Media Release

Men Urged to Have Health Checks for Family's Sake


Kidney Health Australia

Impact on their family can include financial, sexual relationships and long term depression.

Structure of the Kidneys in the body

Have a regular kidney check for the sake of your family is the message for Australian men from Kidney Health Australia. Australian males are being placed onto dialysis at a rate 154% higher than women.

Anne Wilson, CEO and Managing Director of Kidney Health Australia said the reluctance of men to talk about health issues and see their GPs for a regular check up can have a major impact on their family including financial, sexual relationships and long term depression.

"What we are saying to Australian men is that Chronic Kidney Disease (CKD) can be detected with a simple test and it is treatable." 

Ms Wilson said CKD, which contributes to the deaths of 50 people every day in Australia, is known as the silent killer because people can lose up to 90% of the use of their kidneys before feeling sick.  Regular checks are vital in detection and treatment.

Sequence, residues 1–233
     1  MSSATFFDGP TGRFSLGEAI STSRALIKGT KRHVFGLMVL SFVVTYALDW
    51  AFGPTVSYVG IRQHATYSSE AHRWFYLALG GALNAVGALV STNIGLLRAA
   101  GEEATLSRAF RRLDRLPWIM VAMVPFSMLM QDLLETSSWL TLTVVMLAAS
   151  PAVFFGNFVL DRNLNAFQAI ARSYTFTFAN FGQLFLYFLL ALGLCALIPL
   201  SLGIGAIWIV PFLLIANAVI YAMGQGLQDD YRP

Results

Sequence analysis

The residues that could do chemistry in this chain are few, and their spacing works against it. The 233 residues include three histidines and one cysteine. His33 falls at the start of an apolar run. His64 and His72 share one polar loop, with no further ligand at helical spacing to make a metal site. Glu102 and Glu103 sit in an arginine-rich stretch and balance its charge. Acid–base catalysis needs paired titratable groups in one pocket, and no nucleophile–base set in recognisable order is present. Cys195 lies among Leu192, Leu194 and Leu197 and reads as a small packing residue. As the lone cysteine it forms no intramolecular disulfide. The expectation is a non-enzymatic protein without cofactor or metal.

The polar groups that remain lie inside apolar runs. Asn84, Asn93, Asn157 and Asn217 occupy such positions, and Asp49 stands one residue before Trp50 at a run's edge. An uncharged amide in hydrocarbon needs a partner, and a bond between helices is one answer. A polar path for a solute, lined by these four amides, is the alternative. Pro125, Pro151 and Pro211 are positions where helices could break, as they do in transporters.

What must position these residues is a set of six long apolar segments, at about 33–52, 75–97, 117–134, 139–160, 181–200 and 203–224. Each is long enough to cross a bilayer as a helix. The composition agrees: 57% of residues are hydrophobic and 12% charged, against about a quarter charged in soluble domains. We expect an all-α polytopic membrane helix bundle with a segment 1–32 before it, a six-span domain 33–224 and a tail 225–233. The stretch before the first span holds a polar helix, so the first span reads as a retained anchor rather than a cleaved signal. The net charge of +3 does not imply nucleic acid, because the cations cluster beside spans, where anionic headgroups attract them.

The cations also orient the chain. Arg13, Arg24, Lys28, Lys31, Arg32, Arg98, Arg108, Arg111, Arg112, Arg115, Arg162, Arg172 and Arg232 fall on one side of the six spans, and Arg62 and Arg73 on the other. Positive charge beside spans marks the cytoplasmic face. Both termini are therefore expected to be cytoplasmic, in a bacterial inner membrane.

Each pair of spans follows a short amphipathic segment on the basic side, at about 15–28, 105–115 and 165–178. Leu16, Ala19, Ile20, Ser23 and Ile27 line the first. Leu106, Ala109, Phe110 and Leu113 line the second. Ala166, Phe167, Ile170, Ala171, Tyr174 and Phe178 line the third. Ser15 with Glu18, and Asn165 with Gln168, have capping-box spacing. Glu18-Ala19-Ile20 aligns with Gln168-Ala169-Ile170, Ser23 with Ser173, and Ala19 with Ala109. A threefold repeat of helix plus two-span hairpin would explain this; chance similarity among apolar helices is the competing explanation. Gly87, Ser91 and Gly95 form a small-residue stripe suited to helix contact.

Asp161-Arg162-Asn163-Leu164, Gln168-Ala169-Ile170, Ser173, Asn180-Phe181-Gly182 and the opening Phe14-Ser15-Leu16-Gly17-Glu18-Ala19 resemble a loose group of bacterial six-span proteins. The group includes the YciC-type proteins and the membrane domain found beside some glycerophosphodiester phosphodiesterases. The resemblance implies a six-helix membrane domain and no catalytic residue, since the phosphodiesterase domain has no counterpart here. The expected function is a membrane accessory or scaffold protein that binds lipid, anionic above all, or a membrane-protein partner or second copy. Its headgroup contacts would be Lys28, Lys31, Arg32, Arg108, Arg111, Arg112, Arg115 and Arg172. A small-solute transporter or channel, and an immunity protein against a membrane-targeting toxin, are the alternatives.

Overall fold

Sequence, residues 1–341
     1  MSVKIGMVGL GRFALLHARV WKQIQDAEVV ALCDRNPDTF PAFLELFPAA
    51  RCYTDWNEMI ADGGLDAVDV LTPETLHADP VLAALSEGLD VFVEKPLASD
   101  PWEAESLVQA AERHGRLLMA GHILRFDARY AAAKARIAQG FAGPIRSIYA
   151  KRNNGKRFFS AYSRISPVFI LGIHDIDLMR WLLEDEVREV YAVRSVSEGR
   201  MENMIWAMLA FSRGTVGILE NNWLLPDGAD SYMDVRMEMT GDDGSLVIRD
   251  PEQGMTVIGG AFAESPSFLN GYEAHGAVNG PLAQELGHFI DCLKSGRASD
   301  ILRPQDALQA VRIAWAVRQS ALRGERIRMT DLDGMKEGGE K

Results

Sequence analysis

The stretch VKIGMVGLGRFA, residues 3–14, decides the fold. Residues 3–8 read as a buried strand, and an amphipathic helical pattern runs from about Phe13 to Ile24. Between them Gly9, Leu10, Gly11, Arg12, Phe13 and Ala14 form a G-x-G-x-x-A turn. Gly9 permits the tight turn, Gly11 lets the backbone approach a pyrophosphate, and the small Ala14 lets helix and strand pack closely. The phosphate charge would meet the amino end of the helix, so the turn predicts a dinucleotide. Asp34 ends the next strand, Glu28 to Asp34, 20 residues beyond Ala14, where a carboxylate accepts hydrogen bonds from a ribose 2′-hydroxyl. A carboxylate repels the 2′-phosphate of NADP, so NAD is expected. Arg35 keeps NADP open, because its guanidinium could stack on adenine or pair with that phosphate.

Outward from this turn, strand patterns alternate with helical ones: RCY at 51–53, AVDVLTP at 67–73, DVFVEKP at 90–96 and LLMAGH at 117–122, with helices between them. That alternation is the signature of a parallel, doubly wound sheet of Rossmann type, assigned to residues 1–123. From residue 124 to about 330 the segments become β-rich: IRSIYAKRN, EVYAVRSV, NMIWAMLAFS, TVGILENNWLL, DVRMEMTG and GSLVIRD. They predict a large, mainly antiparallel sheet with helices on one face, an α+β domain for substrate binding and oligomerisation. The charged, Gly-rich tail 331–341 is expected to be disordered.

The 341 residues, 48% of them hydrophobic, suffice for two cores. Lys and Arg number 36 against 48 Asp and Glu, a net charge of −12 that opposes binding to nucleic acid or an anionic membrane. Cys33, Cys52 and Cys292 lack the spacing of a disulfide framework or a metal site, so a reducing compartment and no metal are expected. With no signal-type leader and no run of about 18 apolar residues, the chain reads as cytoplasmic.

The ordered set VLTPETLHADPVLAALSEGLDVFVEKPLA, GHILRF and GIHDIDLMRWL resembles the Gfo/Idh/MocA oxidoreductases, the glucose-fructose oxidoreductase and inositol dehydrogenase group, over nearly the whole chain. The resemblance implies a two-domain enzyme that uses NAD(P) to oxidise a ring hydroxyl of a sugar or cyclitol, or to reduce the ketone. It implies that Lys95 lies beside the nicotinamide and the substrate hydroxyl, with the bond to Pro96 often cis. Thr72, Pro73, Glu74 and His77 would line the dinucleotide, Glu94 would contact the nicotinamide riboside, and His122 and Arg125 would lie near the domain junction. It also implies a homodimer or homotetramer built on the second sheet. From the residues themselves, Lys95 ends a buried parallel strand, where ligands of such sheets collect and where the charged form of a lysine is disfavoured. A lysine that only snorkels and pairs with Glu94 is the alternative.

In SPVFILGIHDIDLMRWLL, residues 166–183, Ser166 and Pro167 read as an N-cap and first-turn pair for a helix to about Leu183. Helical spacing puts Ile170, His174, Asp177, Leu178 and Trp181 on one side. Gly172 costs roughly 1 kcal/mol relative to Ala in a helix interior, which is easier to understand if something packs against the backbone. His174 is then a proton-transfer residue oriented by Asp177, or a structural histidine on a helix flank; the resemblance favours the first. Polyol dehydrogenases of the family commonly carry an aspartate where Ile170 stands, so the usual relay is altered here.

Dr Tim Mathew, Medical Director of Kidney Health Australia said Australian men are being accepted onto dialysis programs at a rate 154% higher than women according to latest figures. In Australia in 2008, 1503 men and 973 women started dialysis.

"Men at high risk of Chronic Kidney Disease should request regular kidney checks when they visit their GP in the same way people are now conditioned to ask for checks for prostate cancer, heart disease, blood pressure or diabetes."

Dr Mathew said that given the overall population in Australia where the sex ratio is about equal it is surprising to see such a large difference in the acceptance rate. The gap has been steadily widening over the last 25 years with the increase in men undertaking dialysis rising from 53% in 1982 to the current 61% with the increase occurring in men at all ages.

"The gender issues identified in CKD and all of its stages will need to be addressed as part of future health planning and the provision of dialysis services which are expected to double to 20,000 by 2020 with an ageing population."

Media Enquiries:
Anne Wilson, CEO & Managing Director, Kidney Health Australia
Mobile: 0400 165 391
Dr Tim Mathew, Medical Director, Kidney Health Australia Mobile: 0416 149 863
Ron Smith, National Media Communications, Kidney Health Australia
Mobile: 0417 329 201